USA and Canada have promoted for focused political decades of immigration to attract global talent. Some examples of the magnificent results that these policies have reaped are that 52% of the companies in Silicon Valley were created by immigrants and 25% of all U.S. patents are signed by foreigners. The other side of the coin is Europe, where the majority of immigrants do not have qualification, diplomatic formalities are endless and the importation of senior officials is almost impossible task. In times of crisis, in which everyone is aware of the need to support and promote the talent would make sense that he thought on enhancing this kind of measures to combat the crisis and that really will solve long-term problems.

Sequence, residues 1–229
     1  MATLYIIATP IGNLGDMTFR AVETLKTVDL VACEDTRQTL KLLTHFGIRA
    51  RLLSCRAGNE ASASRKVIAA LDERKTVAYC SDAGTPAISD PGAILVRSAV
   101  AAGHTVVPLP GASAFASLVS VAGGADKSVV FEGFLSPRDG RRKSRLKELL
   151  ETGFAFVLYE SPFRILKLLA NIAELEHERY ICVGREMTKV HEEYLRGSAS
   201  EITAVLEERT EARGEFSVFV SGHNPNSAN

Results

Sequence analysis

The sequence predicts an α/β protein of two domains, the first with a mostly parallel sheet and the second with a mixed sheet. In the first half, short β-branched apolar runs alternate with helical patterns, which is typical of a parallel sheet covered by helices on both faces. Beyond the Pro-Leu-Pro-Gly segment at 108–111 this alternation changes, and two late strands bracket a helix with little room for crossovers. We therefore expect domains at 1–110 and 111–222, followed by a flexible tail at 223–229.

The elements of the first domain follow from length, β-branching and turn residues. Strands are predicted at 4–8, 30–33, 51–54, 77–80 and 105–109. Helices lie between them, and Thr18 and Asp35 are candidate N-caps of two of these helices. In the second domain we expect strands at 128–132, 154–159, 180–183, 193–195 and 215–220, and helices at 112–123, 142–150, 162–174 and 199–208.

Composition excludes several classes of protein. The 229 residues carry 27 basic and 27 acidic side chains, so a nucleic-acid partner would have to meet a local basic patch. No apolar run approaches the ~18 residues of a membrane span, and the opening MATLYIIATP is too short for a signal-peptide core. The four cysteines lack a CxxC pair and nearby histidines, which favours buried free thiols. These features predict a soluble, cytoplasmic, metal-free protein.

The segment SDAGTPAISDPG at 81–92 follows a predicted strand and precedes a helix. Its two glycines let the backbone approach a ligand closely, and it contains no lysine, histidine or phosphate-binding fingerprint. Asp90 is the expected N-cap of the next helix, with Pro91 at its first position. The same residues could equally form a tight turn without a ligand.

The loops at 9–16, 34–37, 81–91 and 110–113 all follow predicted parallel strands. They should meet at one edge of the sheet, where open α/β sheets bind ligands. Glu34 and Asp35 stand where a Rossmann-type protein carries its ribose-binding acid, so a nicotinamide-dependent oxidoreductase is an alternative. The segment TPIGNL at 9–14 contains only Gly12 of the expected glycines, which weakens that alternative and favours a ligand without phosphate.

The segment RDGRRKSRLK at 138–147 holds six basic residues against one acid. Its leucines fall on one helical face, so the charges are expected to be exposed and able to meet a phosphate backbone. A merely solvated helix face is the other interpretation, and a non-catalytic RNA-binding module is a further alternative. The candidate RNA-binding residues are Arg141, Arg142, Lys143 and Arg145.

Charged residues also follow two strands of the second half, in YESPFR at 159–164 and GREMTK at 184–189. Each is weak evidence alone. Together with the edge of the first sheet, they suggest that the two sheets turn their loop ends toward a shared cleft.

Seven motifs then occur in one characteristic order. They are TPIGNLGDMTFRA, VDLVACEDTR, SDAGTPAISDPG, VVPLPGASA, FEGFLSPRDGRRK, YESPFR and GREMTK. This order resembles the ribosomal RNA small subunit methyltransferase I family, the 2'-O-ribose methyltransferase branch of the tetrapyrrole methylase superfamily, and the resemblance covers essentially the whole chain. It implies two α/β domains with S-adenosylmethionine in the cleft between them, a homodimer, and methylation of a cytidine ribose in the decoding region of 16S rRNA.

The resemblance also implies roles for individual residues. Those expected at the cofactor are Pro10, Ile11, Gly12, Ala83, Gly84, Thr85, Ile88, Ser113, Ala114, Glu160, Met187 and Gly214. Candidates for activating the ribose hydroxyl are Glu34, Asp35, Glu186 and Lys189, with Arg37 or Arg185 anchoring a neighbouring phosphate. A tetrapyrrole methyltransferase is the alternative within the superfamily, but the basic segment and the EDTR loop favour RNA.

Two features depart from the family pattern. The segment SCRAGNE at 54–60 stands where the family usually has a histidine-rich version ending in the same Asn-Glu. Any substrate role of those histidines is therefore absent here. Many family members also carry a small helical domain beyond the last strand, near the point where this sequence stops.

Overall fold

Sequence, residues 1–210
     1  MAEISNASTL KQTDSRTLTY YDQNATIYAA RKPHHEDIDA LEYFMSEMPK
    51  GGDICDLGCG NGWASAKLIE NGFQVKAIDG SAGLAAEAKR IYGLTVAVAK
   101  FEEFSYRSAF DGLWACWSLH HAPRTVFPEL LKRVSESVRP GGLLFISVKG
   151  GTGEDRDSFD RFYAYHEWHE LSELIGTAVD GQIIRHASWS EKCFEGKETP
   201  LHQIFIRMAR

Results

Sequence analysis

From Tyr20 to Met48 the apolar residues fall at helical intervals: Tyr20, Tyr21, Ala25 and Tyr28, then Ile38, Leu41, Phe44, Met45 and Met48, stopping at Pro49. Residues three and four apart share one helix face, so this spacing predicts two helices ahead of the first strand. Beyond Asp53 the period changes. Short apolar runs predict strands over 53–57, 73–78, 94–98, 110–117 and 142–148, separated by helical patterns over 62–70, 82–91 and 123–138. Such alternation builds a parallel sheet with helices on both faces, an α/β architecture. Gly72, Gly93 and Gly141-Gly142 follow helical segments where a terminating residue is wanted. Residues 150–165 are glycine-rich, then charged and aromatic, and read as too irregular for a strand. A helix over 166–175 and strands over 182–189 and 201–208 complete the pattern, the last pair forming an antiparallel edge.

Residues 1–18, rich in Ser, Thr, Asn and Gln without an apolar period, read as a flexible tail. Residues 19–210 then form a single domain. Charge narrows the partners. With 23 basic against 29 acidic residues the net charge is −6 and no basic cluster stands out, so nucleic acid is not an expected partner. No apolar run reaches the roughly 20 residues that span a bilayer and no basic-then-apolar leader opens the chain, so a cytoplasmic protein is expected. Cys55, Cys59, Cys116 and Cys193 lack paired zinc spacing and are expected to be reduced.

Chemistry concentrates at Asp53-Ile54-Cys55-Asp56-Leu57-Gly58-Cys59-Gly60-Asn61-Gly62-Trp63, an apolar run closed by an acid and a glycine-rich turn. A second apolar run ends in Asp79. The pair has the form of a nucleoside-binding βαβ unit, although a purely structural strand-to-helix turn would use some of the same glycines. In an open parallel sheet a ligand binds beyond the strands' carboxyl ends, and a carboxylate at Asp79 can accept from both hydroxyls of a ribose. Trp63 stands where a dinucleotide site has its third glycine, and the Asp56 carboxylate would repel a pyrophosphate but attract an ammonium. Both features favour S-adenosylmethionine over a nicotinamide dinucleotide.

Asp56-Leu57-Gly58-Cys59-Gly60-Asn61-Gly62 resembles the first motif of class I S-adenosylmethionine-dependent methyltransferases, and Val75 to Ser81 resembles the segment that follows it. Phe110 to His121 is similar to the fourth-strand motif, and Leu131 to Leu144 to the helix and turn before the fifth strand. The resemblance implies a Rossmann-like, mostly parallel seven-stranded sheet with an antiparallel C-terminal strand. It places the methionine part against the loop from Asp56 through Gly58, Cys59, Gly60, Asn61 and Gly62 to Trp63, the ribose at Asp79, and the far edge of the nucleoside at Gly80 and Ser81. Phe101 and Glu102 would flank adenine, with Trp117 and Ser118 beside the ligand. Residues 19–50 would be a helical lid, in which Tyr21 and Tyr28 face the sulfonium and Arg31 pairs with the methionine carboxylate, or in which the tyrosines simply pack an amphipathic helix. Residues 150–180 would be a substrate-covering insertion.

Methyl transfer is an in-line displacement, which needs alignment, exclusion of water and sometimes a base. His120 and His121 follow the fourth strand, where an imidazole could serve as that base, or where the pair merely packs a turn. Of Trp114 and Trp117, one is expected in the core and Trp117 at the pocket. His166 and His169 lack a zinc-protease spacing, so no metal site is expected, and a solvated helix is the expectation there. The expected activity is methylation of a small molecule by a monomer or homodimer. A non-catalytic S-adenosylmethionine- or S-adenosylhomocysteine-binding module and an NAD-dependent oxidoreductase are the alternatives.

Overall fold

On 23 October 2007 the European Commission presented a formal project to countries members of the Union to encourage the legal immigration of qualified workers in different work areas, this project was called blue card, inspired the Green card North America, to grant residence permits of urgency for this group of workers. However, more than one year and half later, approval has no date and the global economic crisis has changed the landscape in a dramatic way. It may be time to start thinking in Spain in long-term effective proposals and set aside billions of euros in disputed impact measures, such as the 2.5 billion dedicated to improving the efficiency of housing and hotels.